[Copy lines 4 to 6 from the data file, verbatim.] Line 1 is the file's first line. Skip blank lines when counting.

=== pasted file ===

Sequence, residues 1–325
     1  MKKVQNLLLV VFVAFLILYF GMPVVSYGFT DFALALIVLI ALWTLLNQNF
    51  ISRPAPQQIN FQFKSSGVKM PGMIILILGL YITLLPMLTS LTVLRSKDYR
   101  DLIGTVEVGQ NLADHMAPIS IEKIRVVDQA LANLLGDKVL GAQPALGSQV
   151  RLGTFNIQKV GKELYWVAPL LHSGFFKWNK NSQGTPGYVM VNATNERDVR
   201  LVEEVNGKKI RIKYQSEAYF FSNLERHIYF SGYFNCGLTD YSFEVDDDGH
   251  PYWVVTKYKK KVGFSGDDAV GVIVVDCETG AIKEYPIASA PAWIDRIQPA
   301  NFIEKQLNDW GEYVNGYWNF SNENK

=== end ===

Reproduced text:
   101  DLIGTVEVGQ NLADHMAPIS IEKIRVVDQA LANLLGDKVL GAQPALGSQV
   151  RLGTFNIQKV GKELYWVAPL LHSGFFKWNK NSQGTPGYVM VNATNERDVR
   201  LVEEVNGKKI RIKYQSEAYF FSNLERHIYF SGYFNCGLTD YSFEVDDDGH